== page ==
Playing with math can happen anytime and anywhere – from your home, to the grocery store, to the park. For example, the playground is a great place for children to engage in math learning. Children learn about math concepts when adults talk about how children cross over a bridge or who is swinging the highest. Playing with filling and dumping sand in the sandbox teaches children about measurement. Which cup holds more? How many times do I need to scoop sand to fill the bucket? As a toddler climbs the steps to the slide, he is learning about height and direction. These are early spatial skills. The more steps a child climbs (a number concept), the higher they go (a spatial concept). Spatial skills help children understand math by showing them that greater space often means a larger number. These skills are important for everything from arithmetic to mental calculations to calculus.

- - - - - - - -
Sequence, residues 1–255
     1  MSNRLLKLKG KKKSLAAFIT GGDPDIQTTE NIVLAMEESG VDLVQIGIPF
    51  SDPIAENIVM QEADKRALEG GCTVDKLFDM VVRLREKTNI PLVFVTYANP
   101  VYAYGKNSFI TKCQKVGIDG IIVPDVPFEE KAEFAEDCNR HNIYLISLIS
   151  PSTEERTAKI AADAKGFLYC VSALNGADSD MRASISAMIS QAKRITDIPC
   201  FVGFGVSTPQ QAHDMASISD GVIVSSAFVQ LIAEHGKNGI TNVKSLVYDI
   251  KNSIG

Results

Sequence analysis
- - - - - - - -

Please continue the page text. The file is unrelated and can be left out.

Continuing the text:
Adults can use playful math language to further support children’s learning at the park or on the stoop. Help children find shapes on the playground or on the steps. Describe how the monkey bars form a rectangle. Introduce spatial concepts like up, down, near, or far. “Come down the slide!” Or ask, “How many steps are there?” Expose children to addition and subtraction during playful everyday activities with objects. “There were five ducks but one swam away. Now there are four ducks.” Ask children to compare whether it takes more time to walk or run between two trees. We can find math in just about everything we do!
- Free play
- is spontaneous, unstructured play that is child-directed
- Guided play
- is like free play, in that it's focused on what the child is interested in. But unlike free play, an adult facilitates a playful learning experience